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The NBA Retires Bill Russell’s Number For The Entire League

A richly deserved honor

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Boston Celtics
 BOSTON - 1968: Bill Russell #6 of the Boston Celtics defends during a game played in 1968 at the Boston Garden in Boston, Massachusetts. 
Photo by Dick Raphael/NBAE via Getty Images

The NBA doesn’t always get everything right - who does? - but they certainly got this right: the league has retired Bill Russell’s #6 league-wide. The players who are currently wearing it, like LeBron James, will be allowed to continue to wear it for as long as they wish, but no one else will ever wear #6 again.

It’s a fitting honor not just for Russell’s competitive accomplishments -he’s the greatest winner in the history of team sports - but for the sort of man he was.

We’re not positive about this but it won’t miss by much if any. Russell was born in 1934 which would probably mean his father was born somewhere around the turn of the century. Let’s say 1910 for argument’s sake.

That means that his grandfather was old enough to know many people who had been enslaved.

In this video, Russell talks about his grandfather’s strong desire for independence and how determined he was to stay as free as possible - no easy task for a Black man in West Monroe, Louisiana in the 19th century and the early part of the 20th.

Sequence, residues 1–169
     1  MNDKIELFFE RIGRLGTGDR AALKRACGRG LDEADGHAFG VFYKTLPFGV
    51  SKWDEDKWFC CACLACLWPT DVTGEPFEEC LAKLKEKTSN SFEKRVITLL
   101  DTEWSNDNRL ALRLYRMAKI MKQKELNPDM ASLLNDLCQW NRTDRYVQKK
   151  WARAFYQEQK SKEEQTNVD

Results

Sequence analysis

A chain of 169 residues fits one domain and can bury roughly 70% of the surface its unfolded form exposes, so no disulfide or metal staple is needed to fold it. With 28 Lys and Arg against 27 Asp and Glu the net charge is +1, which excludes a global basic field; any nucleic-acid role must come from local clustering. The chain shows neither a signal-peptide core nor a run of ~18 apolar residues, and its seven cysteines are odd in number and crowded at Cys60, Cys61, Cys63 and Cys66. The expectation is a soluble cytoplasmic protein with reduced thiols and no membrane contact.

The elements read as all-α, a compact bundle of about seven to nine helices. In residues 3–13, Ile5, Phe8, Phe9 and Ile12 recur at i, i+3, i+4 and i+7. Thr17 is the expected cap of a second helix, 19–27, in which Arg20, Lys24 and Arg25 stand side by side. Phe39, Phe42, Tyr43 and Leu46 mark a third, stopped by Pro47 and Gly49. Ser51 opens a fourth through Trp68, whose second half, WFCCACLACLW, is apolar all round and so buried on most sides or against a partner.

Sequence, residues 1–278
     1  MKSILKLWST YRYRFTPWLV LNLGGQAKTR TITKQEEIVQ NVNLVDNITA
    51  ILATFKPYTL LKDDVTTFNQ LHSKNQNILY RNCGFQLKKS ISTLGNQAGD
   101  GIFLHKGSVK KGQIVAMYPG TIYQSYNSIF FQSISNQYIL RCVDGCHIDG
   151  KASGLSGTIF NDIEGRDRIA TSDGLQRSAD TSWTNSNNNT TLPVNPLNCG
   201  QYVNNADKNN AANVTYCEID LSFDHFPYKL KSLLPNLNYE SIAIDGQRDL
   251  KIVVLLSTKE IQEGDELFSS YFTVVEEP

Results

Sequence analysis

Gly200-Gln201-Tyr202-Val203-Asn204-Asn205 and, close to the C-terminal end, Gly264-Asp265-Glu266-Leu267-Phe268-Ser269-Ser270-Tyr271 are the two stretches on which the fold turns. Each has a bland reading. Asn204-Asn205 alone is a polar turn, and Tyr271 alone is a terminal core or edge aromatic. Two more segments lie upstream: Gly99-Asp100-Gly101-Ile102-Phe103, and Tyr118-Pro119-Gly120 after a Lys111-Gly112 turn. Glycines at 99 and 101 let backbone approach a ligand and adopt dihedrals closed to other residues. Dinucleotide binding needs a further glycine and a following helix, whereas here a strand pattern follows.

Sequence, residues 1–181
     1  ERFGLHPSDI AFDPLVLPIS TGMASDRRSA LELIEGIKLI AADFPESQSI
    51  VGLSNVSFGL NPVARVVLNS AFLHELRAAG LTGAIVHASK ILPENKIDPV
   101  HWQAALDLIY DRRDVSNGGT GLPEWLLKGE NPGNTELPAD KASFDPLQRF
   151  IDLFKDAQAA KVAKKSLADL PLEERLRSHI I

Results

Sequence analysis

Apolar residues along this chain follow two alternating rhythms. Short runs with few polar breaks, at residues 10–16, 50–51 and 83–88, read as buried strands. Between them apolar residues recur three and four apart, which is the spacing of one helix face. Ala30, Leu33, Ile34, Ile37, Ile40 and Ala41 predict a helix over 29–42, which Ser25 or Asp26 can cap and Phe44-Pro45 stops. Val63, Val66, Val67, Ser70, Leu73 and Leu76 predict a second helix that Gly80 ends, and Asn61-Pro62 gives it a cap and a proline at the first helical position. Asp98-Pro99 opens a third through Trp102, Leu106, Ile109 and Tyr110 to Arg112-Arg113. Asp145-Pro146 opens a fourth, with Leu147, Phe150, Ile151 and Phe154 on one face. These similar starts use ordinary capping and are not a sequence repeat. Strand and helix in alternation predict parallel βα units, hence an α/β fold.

But, like his son and grandson, he lived on his own terms. When the town refused to build a school for Black children, the elder Russell, who was functionally illiterate, got the lumber and, with the help of some friends, built the school anyway.

As Russell points out here, in four generations, his family went from illiteracy to a sixth grade education in the school that his grandfather built, to a degree from the University of San Francisco to, in his daughter’s case, Harvard Law School.

If you’ve never read any of Russell’s books, we really encourage you do do so. He tells powerful stories about family, struggle, and overcoming. Like his father and grandfather, who stood up to the Klan when he built that school, he was unwilling to compromise his sense of manhood for anyone.

The greatest compliment you could give Russell, and possibly the one that would have moved him the most, might have been to say that he lived up to his father and grandfather’s extraordinary standards.

His contributions to basketball and to helping America become a better, more just place, are profound. Retiring his number league-wide is a small but gracious way of acknowledging that he gave America so much more than America was willing to give him as a young man.

If you do read his books, look for the stories about the mule, the train set, his aunt and, yes, the school. The Russells really are an extraordinary family.